Magazine article Phi Kappa Phi Forum

2008 Literacy Grant Recipients

Magazine article Phi Kappa Phi Forum

2008 Literacy Grant Recipients

Article excerpt

Young Students Inspired by Book Program

The Phi Kappa Phi Chapter at Lock Haven University brought all fourth grade students from a local elementary school to Borders book store to select books for their school's library. Kathy Richards, chapter president and literacy project director, chose her literacy project with one idea in mind: she wanted to encourage students at Jackson Elementary School to read more.

"I WORK IN THE ELEMENTARY EDUCATION DEPARTMENT of the University," she says. "I understand the importance of teaching the joy of reading to young children."

Richards says the results from her Literacy Award program were amazing and are having a lasting impact.

"You can't imagine what it's like to take 100 students of low socioeconomic status, many of whom have never been in a big book store, let alone been given money to spend on what they love, and see the joy on their faces," Richards said following the field trip. "In fact, I recently saw the librarian from Jackson Elementary School. She told me Our' books are getting a 'major workout' during summer school. She's thrilled!"

Richard says she also has seen a number of the fourth-graders who benefited from her literacy program over the summer as she's run errands. "When they see me they say, 'you're the lady who bought us books!'"

Not only did the students at Jackson Elementary Schools benefit from the program, Richard says. Her Phi Kappa Phi students also were touched.

"Another wonderful result of the Jackson Elementary project was the boost it gave to student teaching placements," she said. "The Phi Kappa Phi students who went had such an incredible experience, they asked to be placed at that school for student teaching.

"The fourth grade teachers agreed to the arrangement. It truly has been a wonderful experience for all of us."

More than 300 books were selected by the fourth graders and purchased using funds from Richards' Phi Kappa Phi Literacy Grant. Each book then was placed in the school's library with a Phi Kappa Phi book plate and the signature of the student who picked it. "There will always be a book in the library that has their name on it, giving them a piece of ownership in the library collection," Richards said.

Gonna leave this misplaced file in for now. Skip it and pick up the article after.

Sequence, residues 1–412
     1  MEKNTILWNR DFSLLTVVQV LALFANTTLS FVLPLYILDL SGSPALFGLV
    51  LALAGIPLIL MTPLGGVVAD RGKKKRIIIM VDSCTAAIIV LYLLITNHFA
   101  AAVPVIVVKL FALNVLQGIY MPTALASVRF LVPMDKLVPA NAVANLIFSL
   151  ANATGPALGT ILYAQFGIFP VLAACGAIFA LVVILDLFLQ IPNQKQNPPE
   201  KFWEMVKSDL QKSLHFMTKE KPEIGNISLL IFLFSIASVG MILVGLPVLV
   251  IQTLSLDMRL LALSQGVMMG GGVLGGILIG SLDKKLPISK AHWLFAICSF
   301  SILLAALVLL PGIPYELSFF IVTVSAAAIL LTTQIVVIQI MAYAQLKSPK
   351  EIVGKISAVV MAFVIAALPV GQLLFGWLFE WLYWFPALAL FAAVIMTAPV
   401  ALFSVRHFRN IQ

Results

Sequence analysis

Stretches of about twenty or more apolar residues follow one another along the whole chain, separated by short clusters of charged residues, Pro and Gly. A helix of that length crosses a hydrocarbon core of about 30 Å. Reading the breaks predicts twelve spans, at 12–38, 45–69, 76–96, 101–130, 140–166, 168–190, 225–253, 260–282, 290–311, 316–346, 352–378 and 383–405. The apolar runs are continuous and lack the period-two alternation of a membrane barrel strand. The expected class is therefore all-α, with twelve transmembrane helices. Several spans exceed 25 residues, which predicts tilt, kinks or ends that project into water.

Literacy Library for Leveled Reading

CATHERINE DELK (Austin, TX - initiated in Catneron University) Phi Kappa Phi funds will purchase 200 leveled reading books for an elementary school literacy library, Teachers and volunteers will use these books when teaching reading to beginning readers, below grade-level readers, and readers with learning disabilities in grades K-5. A commemorative book plate will be placed at the beginning of each book, recognizing Phi Kappa Phi for its donation. The local Phi Kappa Phi chapter will be invited to participate.

Tutoring Adult Learners

JUDY STILES (Missouri Southern State University) A combined effort with Joplin NALA (Neighborhood Adult Literacy Action) Read, a non-profit, tax-exempt literacy council, and MSSU will use members and resources of Phi Kappa Phi to foster and strengthen literacy skills in adult learners. It also will coordinate with community resources to provide services, enabling learners to reach their full potential. This will be accomplished by recruiting and tutoring adults who need help in reading, math, and/or English as a second language (ESL), recruiting volunteers, and training tutors. Students from Missouri Southern State University and Ozark Christian College will be recruited as volunteer tutors. In addition, the Director of Joplin NALA Read is a Phi Kappa Phi member and will assist the project Manager, Phi Kappa Phi member Judy Stiles of Missouri Southern State University, in overseeing the project. Resources from the grant will provide both literacy and ESL student books.

Building a Math in Literature Library

DONALD AUSTIN (Union College) The Studying Arithmetic In Literature (SAIL) program at Union College's Kenney Community Center for Education and Outreach works with two elementary schools in Schenectady, NY, to improve the math and reading literacy skills of 50 at-risk eiementary students. …

Search by... Author
Show... All Results Primary Sources Peer-reviewed


An unknown error has occurred. Please click the button below to reload the page. If the problem persists, please try again in a little while.